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While borrowed funds are central to prostate cancer x ray images purchase penegra from india the concept of "leverage prostate cancer 910 cheap 100 mg penegra free shipping," its definition can expand to prostate 30ml equals buy 100mg penegra with mastercard any instrument through which a bank can magnify its exposure to a given asset. For a more technical explanation of structured finance, see Ashcraft and Schermann (2008) or Gorton (2008). Naturally, an issuer wants to maximize the size of the senior tranche so as to lower the cost of funding. However, the higher the share of senior tranches, the lower the subordination and thus protection of those tranches. As we will discuss in a forthcoming report, since 1989, when the international Basel Accord went into effect, U. This increase in leverage, as well as the growth in aggregate liquidity, was linked to the prolonged rise in house prices and asset prices across the board. However, financial institutions are far from passive; when asset prices are rising it is highly unprofitable for a bank to be "under-leveraged" and they will look for ways to utilize their new "surplus capital. This phenomenon, for which the authors provide empirical evidence, leads to an expansion in aggregate liquidity and aggregate leverage in the financial system. As the authors put it on page 31, "Aggregate liquidity can be seen as the rate of growth of aggregate balance sheets. When the crisis hit asset prices plummeted, and the feedback loop worked in the opposite direction as leveraged institutions 25. Investment banks were not supervised like deposittaking commercial banks and did not have the same capital requirements, thus they were able to increase leverage to a greater extent. Nor were investment banks subject to the regulatory restrictions that accompany the capital requirements. Institutions such as Bear Stearns and Lehman Brothers borrowed at very short term and held risky longer-term assets, with low levels of capital or reserves to cover changing market conditions. Greenlaw et al (2008) calculate that while commercial banks are on average leveraged 9. One of the favorite instruments of short-term borrowing for investment banks became the overnight repurchase agreement, or "repo loan" (See Morris and Shin 2008 for an insightful discussion). Overnight repos are a form of "collateralized borrowing" whereby a bank pledges its assets as collateral in an overnight loan with another bank. To oversimplify, Bank 1 sells a portion of its assets to Bank 2, with the understanding that it will buy back the assets the next day at a slightly higher price. This process was deemed a low credit risk during the good times, but had profound systemic implications because it connected financial institutions to each other so that when one got into trouble, its problems spread to the other institutions with which it was trading. Overnight repos became an increasingly important source of funding for investment banks. Brunnermeier (2008) shows that from 2001 to 2007, overnight repos as a share of total investment bank assets grew from roughly 12 percent to over 25 percent. That is, by 2007, investment banks were rolling over liabilities equal to one quarter of their balance sheet overnight. Figure 6 shows another example of the rapid increases in short-term borrowing, with maturity as low as one day that occurred as the boom peaked in 2006 and early 2007 in Asset-Backed Commercial Paper markets. This source of funding was cheaper than longer-term borrowing, and until August 2007, it could be rolled over like clockwork. The drying up of these short-term funding markets has been an important element in the financial crisis since August 2007. It was also expected to shift risk out of the heart of the payments system and reduce the risk of financial crisis. The increased use of leverage and short-term borrowing complemented the rise in securitization, as institutions sought to magnify their exposure to rising asset prices. As we discuss in future reports, while securitization was meant to spread out risk away from the center of the financial system, exactly the opposite happened. When the credit crisis hit in August 2007, risk that was meant to be dispersed throughout the system was in fact heavily concentrated among leveraged institutions at the heart of the financial system.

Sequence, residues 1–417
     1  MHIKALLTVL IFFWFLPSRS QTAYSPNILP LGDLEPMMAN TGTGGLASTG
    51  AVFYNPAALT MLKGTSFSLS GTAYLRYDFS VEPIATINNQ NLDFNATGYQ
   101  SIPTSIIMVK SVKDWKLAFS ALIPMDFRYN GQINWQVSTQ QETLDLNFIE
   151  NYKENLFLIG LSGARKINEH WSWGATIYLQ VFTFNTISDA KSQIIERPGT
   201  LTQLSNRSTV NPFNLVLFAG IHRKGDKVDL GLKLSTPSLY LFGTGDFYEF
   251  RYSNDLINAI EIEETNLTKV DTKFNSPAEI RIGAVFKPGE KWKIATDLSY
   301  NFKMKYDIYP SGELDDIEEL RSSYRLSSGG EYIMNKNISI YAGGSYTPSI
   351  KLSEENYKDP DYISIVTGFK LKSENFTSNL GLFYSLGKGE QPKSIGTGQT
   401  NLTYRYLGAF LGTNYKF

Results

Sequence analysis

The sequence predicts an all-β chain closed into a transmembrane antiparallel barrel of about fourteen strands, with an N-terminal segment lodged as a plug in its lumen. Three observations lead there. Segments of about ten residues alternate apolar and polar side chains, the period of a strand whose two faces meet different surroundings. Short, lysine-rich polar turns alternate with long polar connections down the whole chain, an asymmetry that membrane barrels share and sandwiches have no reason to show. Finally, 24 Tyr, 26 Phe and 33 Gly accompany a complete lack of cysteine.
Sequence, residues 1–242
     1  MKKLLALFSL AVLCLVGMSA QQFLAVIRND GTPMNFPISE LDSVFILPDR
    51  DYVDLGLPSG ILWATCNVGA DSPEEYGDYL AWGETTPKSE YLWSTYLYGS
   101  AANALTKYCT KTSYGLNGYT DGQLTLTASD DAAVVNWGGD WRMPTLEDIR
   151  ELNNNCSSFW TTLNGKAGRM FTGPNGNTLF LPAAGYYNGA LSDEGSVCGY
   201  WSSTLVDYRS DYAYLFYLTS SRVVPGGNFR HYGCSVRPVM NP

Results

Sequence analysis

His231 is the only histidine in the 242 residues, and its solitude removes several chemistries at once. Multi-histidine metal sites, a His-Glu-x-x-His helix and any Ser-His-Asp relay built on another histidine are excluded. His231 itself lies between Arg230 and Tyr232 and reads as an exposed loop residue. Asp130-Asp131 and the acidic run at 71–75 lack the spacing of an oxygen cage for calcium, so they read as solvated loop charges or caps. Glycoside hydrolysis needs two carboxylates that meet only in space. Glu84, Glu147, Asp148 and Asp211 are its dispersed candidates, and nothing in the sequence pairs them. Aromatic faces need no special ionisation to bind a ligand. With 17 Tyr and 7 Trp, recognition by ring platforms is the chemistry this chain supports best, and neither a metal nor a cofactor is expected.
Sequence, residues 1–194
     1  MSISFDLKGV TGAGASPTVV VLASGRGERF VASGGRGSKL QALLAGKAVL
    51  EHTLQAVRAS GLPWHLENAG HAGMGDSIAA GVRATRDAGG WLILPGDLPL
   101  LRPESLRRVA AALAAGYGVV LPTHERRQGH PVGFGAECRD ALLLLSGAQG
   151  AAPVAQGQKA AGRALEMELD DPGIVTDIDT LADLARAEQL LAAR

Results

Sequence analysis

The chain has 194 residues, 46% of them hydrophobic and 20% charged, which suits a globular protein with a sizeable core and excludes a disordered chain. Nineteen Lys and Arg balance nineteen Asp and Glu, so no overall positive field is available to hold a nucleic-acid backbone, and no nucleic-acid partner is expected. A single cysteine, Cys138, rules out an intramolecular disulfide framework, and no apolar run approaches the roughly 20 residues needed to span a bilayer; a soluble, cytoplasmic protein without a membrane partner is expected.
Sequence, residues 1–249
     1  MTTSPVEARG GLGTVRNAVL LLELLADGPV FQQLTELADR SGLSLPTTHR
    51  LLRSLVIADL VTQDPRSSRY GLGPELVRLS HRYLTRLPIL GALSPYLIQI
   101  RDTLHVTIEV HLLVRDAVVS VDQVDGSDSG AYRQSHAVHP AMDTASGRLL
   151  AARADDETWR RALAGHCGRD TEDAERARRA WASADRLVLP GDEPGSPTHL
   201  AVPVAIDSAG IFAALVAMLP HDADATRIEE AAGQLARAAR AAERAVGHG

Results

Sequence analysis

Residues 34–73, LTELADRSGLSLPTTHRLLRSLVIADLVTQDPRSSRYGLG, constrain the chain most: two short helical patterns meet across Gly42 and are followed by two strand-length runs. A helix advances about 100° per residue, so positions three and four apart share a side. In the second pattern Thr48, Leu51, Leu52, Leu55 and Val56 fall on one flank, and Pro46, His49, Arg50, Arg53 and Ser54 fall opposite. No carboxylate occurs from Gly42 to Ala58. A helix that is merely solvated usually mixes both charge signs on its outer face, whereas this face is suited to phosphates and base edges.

At one extreme are pathogens that have high potential to prostate cancer on t2 mri buy discount penegra 100mg on-line cause truly global prostate on ultrasound purchase 50 mg penegra with visa, severe pandemics prostate cancer young adults buy penegra. These pathogens transmit efficiently between humans, have sufficiently long asymptomatic infectious periods to facilitate the undetected movement of infected persons, and have symptomatic profiles that present challenges for differential diagnosis (particularly in the early periods of infection). These agents (for example, Nipah virus and H5N1 and H7N9 influenzas) have not demonstrated sustained human-to-human transmission but could become transmitted more efficiently as a result of mutations and adaptation. A third group of pathogens (for example, Ebola, Marburg, Lassa) has the potential to cause regional or interregional epidemics, but the risk of a truly global pandemic is limited because of the slow pace of transmission or high probability of detection and containment. Among all known pandemic pathogens, influenza poses the principal threat because of its potential severity and semiregular occurrence since at least the 16th century (Morens and others 2010). The West Africa Ebola virus outbreak occurred from 2013 to 2016, but the peak and international response efforts began in 2014. Its severity reflects in part the limited health technologies of the period, when no antibiotics, antivirals, or vaccines were available to reduce transmission or mortality (Murray and others 2006). Origin of Pandemics Most new pandemics have originated through the "zoonotic" transmission of pathogens from animals to humans (Murphy 1998; Woolhouse and 318 Disease Control Priorities: Improving Health and Reducing Poverty Gowtage-Sequeria 2005), and the next pandemic is likely to be a zoonosis as well. Zoonoses enter into human populations from both domesticated animals (such as farmed swine or poultry) and wildlife. Many historically significant zoonoses were introduced through increased human-animal interaction following domestication, and potentially high-risk zoonoses (including avian influenzas) continue to emerge from livestock production systems (Van Boeckel and others 2012; Wolfe, Dunavan, and Diamond 2007). Some pathogens (including Ebola) have emerged from wildlife reservoirs and entered into human populations through the hunting and consumption of wild species (such as bushmeat), the wild animal trade, and other contact with wildlife (Pike and others 2010; Wolfe, Dunavan, and Diamond 2007). Zoonotic pathogens vary in the extent to which they can survive within and spread between human hosts. These episodes of "viral chatter" increase pandemic risk by providing opportunities for viruses to become better adapted to spreading within a human population. Pathogens that are past stage 3 are of the greatest concern, because they are sufficiently adapted to humans to cause long transmission chains between humans (directly or indirectly through vectors), and their geographic spread is not constrained by the habitat range of an animal reservoir. Pandemic Risk Factors Pandemic risk, as noted, is driven by the combined effects of spark risk and spread risk. Spark Risk A zoonotic spark could arise from the introduction of a pathogen from either domesticated animals or wildlife. Zoonoses from domesticated animals are concentrated in areas with dense livestock production systems, including areas of China, India, Japan, the United States, and Western Europe. Key drivers for spark risk from domesticated animals include intensive and extensive farming and livestock production systems and live animal markets, as well as the potential for contact between livestock and wildlife reservoirs (Gilbert and others 2014; Jones and others 2008). Wildlife zoonosis risk is distributed far more broadly, with foci in China, India, West and Central Africa, and the Amazon Basin (Jones and others 2008). Risk drivers include behavioral factors (such as bushmeat hunting and use of animal-based traditional medicines), natural resource extraction (such as sylviculture and logging), the extension of roads into wildlife habitats, and environmental factors (including the degree and distribution of animal diversity) (Wolfe and others 2005). Spread Risk After a spark or importation, the risk that a pathogen will spread within a population is influenced by pathogenspecific factors (including genetic adaptation and mode of transmission) and human population-level factors (such as the density of the population and the susceptibility to infection; patterns of movement driven by travel, trade, and migration; and speed and effectiveness of public health surveillance and response measures) (Sands and others 2016). Pandemics: Risks, Impacts, and Mitigation 319 Dense concentrations of population, especially in urban centers harboring overcrowded informal settlements, can act as foci for disease transmission and accelerate the spread of pathogens (Neiderud 2015). Moreover, social inequality, poverty, and their environmental correlates can increase individual susceptibility to infection significantly (Farmer 1996). Collectively, all these factors suggest that marginalized populations, including refugees and people living in urban slums and informal settlements, likely face elevated risks of morbidity and mortality during a pandemic. The index illustrates global variation in institutional readiness to detect and respond to a large-scale outbreak of infectious disease. Well-prepared countries have effective public institutions, strong economies, and adequate investment in the health sector. They have built specific competencies critical to detecting and managing disease outbreaks, including surveillance, mass vaccination, and risk communications. Poorly prepared countries may suffer from political instability, weak public administration, inadequate resources for public health, and gaps in fundamental outbreak detection and response systems. A geographic analysis of preparedness shows that some areas of high spark risk also are the least prepared. However, geographic areas with high spark risk from wildlife species (including Central and West Africa) have some of the lowest preparedness scores globally, indicating a potentially dangerous overlap of spark risk and spread risk. National income alone offers an incomplete and potentially misleading metric of preparedness.